So McCaskill ends up fighting a two-front war. She tries to placate racist, white, rural Missouri by staying away from blacks and white progressives, while at the same time facing a potential backlash from those very groups she needs the most. Luckily for her, as the Missouri GOP transitions from being a white conservative “Christian” party to the kind of full-blown ethno-nationalist party Slobodan Milosevic would approve of, it keeps nominating extremists to run against her.

Akin stumbled into his “legitimate rape” comment when I asked him when abortion should be allowed because he didn’t want to come out and say he believed abortion should be illegal in all circumstances, without exception. Under Trump and a Clarence Thomas-Brett Kavanaugh Supreme Court, abortion will probably soon be illegal in most states, and the position Akin was reluctant to take will become law.

Josh Hawley, Missouri’s attorney general and the current Republican candidate for McCaskill’s Senate seat, is Akin with a Stanford B.A. and Yale Law School polish. But despite Hawley’s bi-coastal educational pedigree, he’s earned his Missouri cred by attacking the Starbucks crowd and going straight for Cracker Barrel voters: the Trump supporters who take shelter from a demographically changing America on Sundays by immersing themselves in Cracker Barrel’s nostalgia for the white 1950s while they wolf down chicken fried steak with a side of beans n’ greens.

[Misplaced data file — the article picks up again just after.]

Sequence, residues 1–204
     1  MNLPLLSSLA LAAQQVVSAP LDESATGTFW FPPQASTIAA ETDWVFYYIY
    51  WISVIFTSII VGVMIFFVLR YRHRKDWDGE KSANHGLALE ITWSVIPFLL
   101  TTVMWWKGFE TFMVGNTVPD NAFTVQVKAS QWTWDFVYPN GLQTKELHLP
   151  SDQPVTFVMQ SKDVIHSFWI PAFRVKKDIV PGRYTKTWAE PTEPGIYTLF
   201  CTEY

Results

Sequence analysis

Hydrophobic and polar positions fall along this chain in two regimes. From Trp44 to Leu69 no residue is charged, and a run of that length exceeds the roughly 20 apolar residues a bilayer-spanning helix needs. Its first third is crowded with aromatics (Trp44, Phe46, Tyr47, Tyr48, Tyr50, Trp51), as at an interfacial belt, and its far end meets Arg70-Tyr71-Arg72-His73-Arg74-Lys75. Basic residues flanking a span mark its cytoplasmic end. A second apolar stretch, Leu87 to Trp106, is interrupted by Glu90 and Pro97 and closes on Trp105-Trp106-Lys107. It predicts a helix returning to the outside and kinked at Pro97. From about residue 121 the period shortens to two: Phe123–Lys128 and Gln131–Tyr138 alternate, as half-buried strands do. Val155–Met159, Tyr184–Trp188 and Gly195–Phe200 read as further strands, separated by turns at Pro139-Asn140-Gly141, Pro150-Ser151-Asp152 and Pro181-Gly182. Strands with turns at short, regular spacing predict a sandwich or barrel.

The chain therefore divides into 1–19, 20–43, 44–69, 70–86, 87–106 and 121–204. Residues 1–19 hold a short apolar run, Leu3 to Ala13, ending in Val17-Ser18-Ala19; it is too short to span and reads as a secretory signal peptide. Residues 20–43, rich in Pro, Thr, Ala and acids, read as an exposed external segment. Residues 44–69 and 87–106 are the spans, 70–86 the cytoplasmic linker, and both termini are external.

Hawley’s strategy is to dog-whistle his way to Washington by fighting abortion and birth control, supporting voter suppression and discrimination in the name of religion, and giving his audience a double shot of white evangelical morality. “Government serves Christ’s kingdom rule, this is its purpose,” Hawley wrote in 2012. “Christ has become king and presently rules over the world and earthly government.”

Although Hawley says in the rest of the essay that Christ’s kingdom is one of social justice, he clearly had his tongue firmly planted in his cheek. Hawley’s actions have shown him to be a standard right-wing Missouri Republican theocrat with white nationalist overtones.

Hawley successfully helped argue the Hobby Lobby case before the U.S. Supreme Court, so now employers who think contraception is tantamount to abortion can refuse to cover birth control in their health insurance plans. Hawley has sued to have Obamacare declared unconstitutional, and to allow insurance companies once again to deny coverage because of pre-existing conditions like heart disease or diabetes. Hawley is appealing the court ruling that suspended part of Missouri’s voter photo ID law, supporting the ID law and the voter suppression it tries to disguise.

The GOP nominee bases his run on suppressing voter turnout in St. Louis and boosting it in outstate Missouri. Hawley figures that pulpit-pounding old-time religion and coded attacks on white liberals and blacks will be enough to get him to Washington thanks to rural and exurban voters.

He’d just better hope that no one at Cracker Barrel ever had an abortion, uses contraception, or has a preexisting medical condition. 

Charles Jaco is a journalist, author, and activist. Follow him on Twitter at @charlesjaco1.